The term is now also quaint, but the Generation Gap never went away — we’re still living in the world the Boomers created, still fighting the culture war they started. In fact, if you do the math, the old expression is easily updated:

Never trust anyone over seventy.


I waited ’till I was in my early 30’s to get married. I was 35 when my daughter was born. That means that if she follows in my footsteps I’ll be 70 before I see my first grand child.

This morning I was working out at the gym and saw a pair working out that were clearly father and son. The man must have been in his late 50s and the boy was in his mid to late late teens.

Waiting as long as I did to have kids allows you to put a life together, to figure out where you want to be, before bringing children into your life. But I am also envious of the sixty year old grandfather with the forty year old son and twnty year old grandson.

There’s a sense of familial continuity that I fear we over-educated late-to marry, late to procreate miss out on.

For me it’s more the parents of said bachelor yelling at him to tie the knot.

Part of the problem was my own ineptitude with the opposite sex and my wasting five years of my life chasing after a woman who didn’t love me.

@Serolf Divad:
If I ever get married and have kids, I’m going to be the really old man with the 30 year old.

To be fair (sort of) the couples that I know who started off with kids early have a harder time.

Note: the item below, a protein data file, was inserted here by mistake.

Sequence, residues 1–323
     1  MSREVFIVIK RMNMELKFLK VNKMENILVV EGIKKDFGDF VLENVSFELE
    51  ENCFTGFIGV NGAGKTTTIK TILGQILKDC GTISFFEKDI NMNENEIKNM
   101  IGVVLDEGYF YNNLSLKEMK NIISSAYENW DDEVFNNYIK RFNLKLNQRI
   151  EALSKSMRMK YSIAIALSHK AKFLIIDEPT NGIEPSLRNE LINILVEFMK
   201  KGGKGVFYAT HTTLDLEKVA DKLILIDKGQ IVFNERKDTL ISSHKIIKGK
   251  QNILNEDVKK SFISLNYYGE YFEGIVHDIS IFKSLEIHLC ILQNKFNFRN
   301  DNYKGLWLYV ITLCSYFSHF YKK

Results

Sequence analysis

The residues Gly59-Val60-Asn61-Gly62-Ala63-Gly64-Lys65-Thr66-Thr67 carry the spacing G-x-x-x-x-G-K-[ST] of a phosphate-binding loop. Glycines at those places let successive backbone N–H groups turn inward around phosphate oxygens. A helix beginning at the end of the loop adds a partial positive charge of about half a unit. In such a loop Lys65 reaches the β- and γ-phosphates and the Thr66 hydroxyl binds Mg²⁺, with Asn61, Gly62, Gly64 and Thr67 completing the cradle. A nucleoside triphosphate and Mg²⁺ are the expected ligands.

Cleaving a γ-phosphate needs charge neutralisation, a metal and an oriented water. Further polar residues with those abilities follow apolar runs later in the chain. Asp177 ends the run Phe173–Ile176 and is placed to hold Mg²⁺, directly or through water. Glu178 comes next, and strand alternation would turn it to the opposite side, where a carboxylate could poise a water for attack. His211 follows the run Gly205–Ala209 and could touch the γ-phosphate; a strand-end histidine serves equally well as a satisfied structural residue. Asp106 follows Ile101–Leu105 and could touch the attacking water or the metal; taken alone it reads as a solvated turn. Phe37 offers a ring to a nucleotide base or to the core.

@Serolf Divad: Married at 36, first child at 40. They say that parenting is all about living to see your grandkids (because biologically it’s proof that your genes have survived), but for me it is hoping that I live just to see the kids into adulthood.

@Nojo: I think “Dazed..” is as close to our generation as we’ll get – and I’ll take it. “Freaks and Geeks” was off by a handful of years, but similarly close.

When I was an anti-poverty lawyer in the 1970s, I met my first 35 year old grandmother.

Many classmates started having babies their 2L year. I guess that put some in their mid 20s. I think that first summer of seeing women defer childbearing until they made partner influenced them to start sooner rather than 8-10 years later.

Babies? You pick them up on vacation, right?

Maybe Mr. ‘Catt and I will get around to that in our late 40’s.

There’s another GOP debate tonight — Too soon? — and I’m debating whether to run an open thread. Will anybody be watching?